Missouri is on the hook $4.91 million in football guarantee games over the next six seasons, according to copies of athletic department contracts obtained by the Tribune through a public-records request. Upcoming home games against in-state FCS teams Missouri State and Southeast Missouri State will cost the Tigers around $400,000 each. Missouri has to shell out more than $ 1 million to get midmajor FBS teams Eastern Michigan and Idaho to Memorial Stadium. Missouri executive associate athletic director Bryan Maggard, who handles football scheduling, said guarantee games with midmajor schools went for $700,000-$800,000 as recently as a few years ago. "It's indicative of the fact that your midmajor programs have greater needs from a financial standpoint," Maggard said.
 
Duke study: Most 'die-hard' college fans are male, white and didn't go to the school they cheer for
A study released by a professor at Duke University found that for those considered "die-hard" fans of a particular university, only about a third ever attended the school. The finding, from a study by Charles Clotfelter, a professor of public policy, economics and law at Duke's Sanford School of Public Policy, was based on mentions of team loyalties published in obituaries. Clotfelter chose 26 colleges with colorful team names and searched online obituaries for references to the schools. While a "large minority" of super fans did not attend college, the group as a whole was twice as likely to have gone to college than the general population.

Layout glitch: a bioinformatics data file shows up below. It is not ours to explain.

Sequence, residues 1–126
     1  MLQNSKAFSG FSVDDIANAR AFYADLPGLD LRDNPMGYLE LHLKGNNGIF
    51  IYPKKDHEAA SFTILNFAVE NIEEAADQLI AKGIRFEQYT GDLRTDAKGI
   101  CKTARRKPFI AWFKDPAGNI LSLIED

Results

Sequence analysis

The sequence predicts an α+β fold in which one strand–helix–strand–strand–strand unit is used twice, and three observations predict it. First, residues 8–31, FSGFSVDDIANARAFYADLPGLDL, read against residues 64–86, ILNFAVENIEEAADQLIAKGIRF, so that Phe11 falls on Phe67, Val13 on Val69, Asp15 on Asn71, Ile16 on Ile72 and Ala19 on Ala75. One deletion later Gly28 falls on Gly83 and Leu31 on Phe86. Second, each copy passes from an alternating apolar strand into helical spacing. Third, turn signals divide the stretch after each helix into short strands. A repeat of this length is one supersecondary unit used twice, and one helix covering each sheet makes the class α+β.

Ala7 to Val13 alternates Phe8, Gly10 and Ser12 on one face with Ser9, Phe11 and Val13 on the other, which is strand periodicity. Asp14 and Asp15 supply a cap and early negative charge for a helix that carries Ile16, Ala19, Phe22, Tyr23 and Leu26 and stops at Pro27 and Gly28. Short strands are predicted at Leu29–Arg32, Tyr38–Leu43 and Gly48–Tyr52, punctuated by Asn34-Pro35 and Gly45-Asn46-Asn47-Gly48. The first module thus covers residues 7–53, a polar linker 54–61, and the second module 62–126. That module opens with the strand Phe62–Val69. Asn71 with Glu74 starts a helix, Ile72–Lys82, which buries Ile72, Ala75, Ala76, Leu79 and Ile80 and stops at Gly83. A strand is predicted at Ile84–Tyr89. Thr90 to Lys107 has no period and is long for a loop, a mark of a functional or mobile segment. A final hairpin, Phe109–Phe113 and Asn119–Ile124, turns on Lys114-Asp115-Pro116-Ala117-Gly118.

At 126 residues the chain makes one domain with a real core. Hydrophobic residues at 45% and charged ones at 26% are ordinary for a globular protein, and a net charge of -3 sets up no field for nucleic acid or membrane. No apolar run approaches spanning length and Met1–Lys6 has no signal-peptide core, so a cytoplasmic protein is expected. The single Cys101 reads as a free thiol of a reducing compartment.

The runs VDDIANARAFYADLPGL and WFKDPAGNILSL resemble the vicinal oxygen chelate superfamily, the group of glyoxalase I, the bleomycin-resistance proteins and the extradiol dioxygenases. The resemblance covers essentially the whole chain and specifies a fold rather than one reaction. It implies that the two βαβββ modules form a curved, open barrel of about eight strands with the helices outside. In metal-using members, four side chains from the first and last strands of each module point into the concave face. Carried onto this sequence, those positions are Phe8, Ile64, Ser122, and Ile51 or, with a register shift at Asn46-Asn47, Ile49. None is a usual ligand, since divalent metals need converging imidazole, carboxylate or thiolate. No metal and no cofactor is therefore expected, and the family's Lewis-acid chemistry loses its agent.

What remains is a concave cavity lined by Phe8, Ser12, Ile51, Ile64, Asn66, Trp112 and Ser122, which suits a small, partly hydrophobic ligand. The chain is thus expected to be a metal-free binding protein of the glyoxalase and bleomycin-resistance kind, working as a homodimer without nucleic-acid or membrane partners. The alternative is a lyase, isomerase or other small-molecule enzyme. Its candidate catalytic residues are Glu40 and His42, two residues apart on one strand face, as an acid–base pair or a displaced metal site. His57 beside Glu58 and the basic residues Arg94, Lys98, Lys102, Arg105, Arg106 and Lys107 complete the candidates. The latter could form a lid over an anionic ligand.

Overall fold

Changes at Syracuse U. do little to hold officials accountable for academic fraud, critics say